China’s Xi sends message to military
Chinese President Xi Jinping has called on the country’s military to make sure it’s ready to respond to security threats arising from a new era of global turbulence. The People’s Liberation Army (PLA) must train harder to be ready for a fight, he said.
The world is currently undergoing changes “unseen in a century,” which increase instability and uncertainty, as well as affecting national security, the Chinese president warned on Tuesday, as quoted by the national media.
The entire military “must implement the [Communist] Party’s idea of strengthening the army in the new era” by focusing its energy on improving its war-fighting skills and capabilities, Xi said. The PLA must “resolutely defend national sovereignty, security and development interests,” he added.
The instructions issued by the Chinese leader were based on decisions taken last month during the Congress of the Communist Party of China, he explained. The gathering saw a reshuffle of the party’s senior leadership. Xi was approved for an almost unprecedented third five-year term at the helm of the party, and by extension the country.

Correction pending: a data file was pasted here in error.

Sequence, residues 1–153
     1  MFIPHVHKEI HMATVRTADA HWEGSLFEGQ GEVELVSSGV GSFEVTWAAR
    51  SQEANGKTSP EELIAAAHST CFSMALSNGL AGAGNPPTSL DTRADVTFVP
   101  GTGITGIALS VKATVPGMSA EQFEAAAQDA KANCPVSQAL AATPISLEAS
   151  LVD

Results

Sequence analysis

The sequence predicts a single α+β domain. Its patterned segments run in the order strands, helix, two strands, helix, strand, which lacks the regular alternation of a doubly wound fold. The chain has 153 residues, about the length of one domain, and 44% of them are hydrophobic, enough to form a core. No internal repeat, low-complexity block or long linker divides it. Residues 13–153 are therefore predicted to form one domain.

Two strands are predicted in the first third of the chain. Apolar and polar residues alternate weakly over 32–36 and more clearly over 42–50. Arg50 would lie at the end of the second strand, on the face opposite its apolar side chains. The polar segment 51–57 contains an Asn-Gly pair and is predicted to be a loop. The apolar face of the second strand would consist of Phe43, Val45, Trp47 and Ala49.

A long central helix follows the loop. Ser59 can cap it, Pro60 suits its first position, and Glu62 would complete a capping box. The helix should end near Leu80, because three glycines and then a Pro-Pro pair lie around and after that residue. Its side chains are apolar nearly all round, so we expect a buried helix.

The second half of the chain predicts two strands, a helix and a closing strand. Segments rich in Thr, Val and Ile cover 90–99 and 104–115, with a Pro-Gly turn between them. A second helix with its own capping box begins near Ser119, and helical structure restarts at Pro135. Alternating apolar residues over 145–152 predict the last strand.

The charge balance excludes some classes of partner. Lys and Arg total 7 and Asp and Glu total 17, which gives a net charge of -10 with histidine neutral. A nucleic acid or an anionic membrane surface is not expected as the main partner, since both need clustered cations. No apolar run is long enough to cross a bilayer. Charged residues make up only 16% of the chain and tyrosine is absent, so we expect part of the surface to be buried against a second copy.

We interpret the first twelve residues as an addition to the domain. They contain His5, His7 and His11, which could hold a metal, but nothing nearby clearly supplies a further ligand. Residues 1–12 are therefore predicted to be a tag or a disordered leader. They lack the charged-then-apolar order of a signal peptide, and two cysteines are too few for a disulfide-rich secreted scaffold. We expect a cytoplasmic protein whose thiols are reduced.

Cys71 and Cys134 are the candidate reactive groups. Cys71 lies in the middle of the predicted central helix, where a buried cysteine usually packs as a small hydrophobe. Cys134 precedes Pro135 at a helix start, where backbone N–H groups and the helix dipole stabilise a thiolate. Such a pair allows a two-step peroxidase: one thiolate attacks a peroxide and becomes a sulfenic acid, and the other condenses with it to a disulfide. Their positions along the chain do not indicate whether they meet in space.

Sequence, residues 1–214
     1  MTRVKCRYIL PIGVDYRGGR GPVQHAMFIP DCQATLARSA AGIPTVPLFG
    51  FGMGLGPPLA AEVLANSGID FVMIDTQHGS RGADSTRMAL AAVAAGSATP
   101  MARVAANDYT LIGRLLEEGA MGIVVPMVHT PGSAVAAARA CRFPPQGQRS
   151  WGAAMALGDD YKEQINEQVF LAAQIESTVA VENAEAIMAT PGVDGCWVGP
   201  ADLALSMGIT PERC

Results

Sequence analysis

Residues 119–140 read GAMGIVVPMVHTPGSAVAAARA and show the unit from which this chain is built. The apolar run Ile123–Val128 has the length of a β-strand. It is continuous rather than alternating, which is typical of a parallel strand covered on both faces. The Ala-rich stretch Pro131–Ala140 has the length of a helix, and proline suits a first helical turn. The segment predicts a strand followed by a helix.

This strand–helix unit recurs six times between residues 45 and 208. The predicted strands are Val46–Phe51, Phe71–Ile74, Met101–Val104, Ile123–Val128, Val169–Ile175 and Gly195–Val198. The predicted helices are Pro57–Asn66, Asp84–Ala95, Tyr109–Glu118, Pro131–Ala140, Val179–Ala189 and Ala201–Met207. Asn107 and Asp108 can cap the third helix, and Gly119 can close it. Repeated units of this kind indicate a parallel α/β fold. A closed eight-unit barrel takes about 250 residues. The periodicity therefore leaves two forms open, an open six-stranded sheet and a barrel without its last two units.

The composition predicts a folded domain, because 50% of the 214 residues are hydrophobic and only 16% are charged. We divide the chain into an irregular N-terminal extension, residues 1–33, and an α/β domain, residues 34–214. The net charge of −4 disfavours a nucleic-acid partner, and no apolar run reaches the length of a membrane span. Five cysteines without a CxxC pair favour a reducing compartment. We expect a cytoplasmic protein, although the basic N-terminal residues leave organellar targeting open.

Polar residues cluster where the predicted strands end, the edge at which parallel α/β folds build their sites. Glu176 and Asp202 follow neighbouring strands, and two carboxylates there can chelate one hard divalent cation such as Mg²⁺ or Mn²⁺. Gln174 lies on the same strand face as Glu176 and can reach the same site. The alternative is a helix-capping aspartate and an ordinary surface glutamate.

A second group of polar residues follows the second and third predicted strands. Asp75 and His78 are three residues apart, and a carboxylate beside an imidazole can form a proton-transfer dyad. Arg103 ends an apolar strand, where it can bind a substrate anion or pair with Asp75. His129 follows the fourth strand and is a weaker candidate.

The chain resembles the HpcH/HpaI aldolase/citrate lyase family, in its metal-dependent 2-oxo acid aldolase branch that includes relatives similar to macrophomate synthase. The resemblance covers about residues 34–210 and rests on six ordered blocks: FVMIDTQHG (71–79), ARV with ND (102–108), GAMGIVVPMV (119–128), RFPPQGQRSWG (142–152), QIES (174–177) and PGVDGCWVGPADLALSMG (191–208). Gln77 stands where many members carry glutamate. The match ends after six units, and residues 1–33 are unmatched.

During his report to the party delegates, Xi highlighted the risk of an armed conflict over Taiwan, a self-governed Chinese island. He reiterated that Beijing’s primary goal was peaceful reunification, but warned that Beijing reserved the right to use military force to prevent possible attempts by the Taiwanese administration to declare independence.
The Taiwan issue is one of the flashpoints of ongoing tensions between Washington and Beijing. US President Joe Biden broke a long-held tradition of strategic ambiguity by pledging to use American troops in defense of Taiwan in the event of a PLA attack.
US officials have increasingly been treating the island as a sovereign nation, which Beijing calls a direct threat to the “One China” policy, which Washington formally recognizes.
The Biden administration ramped up deliveries of arms to Taiwan and is otherwise seeking to bolster the US presence in the Asia-Pacific region, which it claims to be necessary to counter malign Chinese influence.